Sircle Of Silence (No Bull/Koch) 1993
1. "Color Blind"
My initial interest in this band was that it featured one of my favorite guitarists, Larry Farkas, formerly of Vengeance Rising and Die Happy. However, David Reece, who was the American singer who sang on the one Accept album that didn't feature Udo is also a major part of this band. I found out about this band when discussing music with Larry Farkas on the phone. I didnšt realize Larry had released anything since the breakup of Die Happy. After telling me about the Sircle of Silence CDs, he also informed me that it would be impossible to find a copy of the band's two albums as they were only released in Europe and Japan. He even stated that he had to pay $30 for the one copy of the first Sircle of Silence CD he has. Ahhh, but having friends in high places helped and in no time I had a copy of both CDs in my hand. (Thanks Olaf!) Since I was singing in Larry's latest project (Once Dead, a reunion of the original Vengeance members) I presented these CDs to him at practice and had him sign them both.
Upon receiving this disc, I was immediately drawn in. The music is heavy and captivating. From the opening riffs of "Color Blind" to the moody finish of "Slow Burn" I was smiling ear to ear. For some reason, I was expecting something a bit more pop-oriented like David's Bangalore Choir project. However, that was not the case either. Sircle of Silence's debut if far heavier. As a matter of fact, it's not until track five that the band even slows things down. Even this song isn't the typical radio-ready, sappy ballad, but rather a dynamic song that is melancholy during the verses, but picks up the intensity for the choruses. Those familiar with the first Die Happy CD might get an idea of what to expect, as there are some similarities in style. It's hard to explain, but this band successfully fuses together the heaviness of Larry's former bands with a commercial accessibility due to Reece's hooky lyrical hooks. As Larry Farkas is heavily influenced by the 1970's giants, the music has that same Deep Purple/Led Zeppelin flavor to it that Die Happy had. However, this is not some Zep-clone project like so many bands were doing in the 80's. Sircle of Silence is riff based metal with a ton of groove, thundering drums, extremely heavy guitar tones and screaming vocals. David Reece simply wails recalling the glory days of Ian Gillan! Simply put, I love this disc. It's a shame that such a fine metal platter never had the opportunity to be heard by the masses and was never given a proper U.S. release.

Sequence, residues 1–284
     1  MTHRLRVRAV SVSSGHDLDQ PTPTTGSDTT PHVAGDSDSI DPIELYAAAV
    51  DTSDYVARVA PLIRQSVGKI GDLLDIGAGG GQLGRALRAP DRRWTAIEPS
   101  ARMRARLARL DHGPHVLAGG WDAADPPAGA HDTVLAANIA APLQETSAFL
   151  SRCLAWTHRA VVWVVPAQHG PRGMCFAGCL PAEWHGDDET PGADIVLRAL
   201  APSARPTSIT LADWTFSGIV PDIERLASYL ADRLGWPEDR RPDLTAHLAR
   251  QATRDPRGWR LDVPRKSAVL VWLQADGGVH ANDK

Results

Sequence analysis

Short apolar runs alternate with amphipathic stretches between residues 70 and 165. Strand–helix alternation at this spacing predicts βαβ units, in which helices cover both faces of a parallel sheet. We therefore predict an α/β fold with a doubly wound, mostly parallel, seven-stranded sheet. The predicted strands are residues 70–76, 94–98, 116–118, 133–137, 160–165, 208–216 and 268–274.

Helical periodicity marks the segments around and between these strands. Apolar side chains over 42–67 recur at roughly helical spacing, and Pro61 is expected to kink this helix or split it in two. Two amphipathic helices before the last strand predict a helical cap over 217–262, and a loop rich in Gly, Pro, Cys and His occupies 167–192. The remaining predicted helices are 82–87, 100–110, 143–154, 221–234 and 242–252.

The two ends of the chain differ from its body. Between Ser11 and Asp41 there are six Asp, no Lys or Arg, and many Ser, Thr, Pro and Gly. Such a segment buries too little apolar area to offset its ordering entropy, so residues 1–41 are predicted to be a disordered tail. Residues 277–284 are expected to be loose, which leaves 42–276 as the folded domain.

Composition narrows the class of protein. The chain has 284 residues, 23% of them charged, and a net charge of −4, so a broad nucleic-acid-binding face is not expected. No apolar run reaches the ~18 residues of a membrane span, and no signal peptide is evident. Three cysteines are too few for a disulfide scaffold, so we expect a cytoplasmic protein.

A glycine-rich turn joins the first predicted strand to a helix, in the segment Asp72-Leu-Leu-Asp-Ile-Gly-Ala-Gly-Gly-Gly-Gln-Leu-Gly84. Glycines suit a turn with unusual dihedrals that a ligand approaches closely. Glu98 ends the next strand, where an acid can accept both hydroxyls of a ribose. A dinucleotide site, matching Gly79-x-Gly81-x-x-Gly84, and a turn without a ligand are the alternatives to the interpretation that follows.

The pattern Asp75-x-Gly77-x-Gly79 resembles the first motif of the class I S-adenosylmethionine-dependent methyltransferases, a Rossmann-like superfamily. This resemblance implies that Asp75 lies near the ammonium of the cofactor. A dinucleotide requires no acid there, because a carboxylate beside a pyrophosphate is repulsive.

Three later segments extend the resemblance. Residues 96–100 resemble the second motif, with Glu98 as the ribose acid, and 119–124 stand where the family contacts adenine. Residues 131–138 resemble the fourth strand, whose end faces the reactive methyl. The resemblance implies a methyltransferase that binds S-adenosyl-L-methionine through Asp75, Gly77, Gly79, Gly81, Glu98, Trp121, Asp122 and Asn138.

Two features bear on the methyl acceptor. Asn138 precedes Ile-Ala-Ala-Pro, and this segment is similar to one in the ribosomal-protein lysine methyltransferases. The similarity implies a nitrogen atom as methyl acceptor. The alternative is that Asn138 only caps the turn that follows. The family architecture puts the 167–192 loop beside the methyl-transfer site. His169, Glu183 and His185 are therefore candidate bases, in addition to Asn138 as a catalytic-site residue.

1. "Suicide Candyman"
When you get a new disc by a new band that you really enjoy, there is always that expectation for the next disc. Usually when it arrives you have burned yourself out on the first disc, and can get lost in the follow-up. As for me, I got both Sircle of Silence discs on the same day. I put on the first disc and absolutely loved it. I almost wished I had waited a month or two to hear this sophomore release so I would have had that same anticipation. Unfortunately I didn't and I can't say that I enjoyed this one quite as much on the first couple of listens. That is not to say that this isn't a good CD, because it is. As would be expected, Larry's guitar work is great and vocalist David Reece sounds fantastic. It's just that the songs weren't as immediately infectious. What I found, however, was that the more I listened, the more I enjoyed it. My favorite songs are the two lead off tracks, and two of the albums heavier songs; "Suicide Candyman" and "Gonna Die Laughing." Both have catchy choruses and crunchy guitar riffs. "There's Nobody Sacred" is a fast, heavy metal number with a smooth guitar solo through the bridge. "Someday Never Comes" carries a sweet 70's retro sound with a wah-wah guitar rhythm. "Sail Away" is a sweet, acoustic ballad that reminds me of something Badlands might have done and one of the few mellow moments on the disc. "Gift Horse Mouth" picks up the intensity again. "No Turnin' Back" starts off in what sound like it is going to be a ballad before slamming into yet another heavy rocker. This song has a lot of dynamics to it, from the clean guitar in the chorus to the heavy groove of the chorus. "Suicide Candyman" finishes off with with a fast and furious metal romp title "Drive the Nail". Complete with a ferocious double bass attack, this song finishes off a solid disc with a bang. So, while I still can't say I like "Suicide Candyman" quite as much as the debut, I can say that I do enjoy it quite a bit. This one certainly won't be a dust collector in my collection.
My copy is autographed by guitarist Larry Farkas.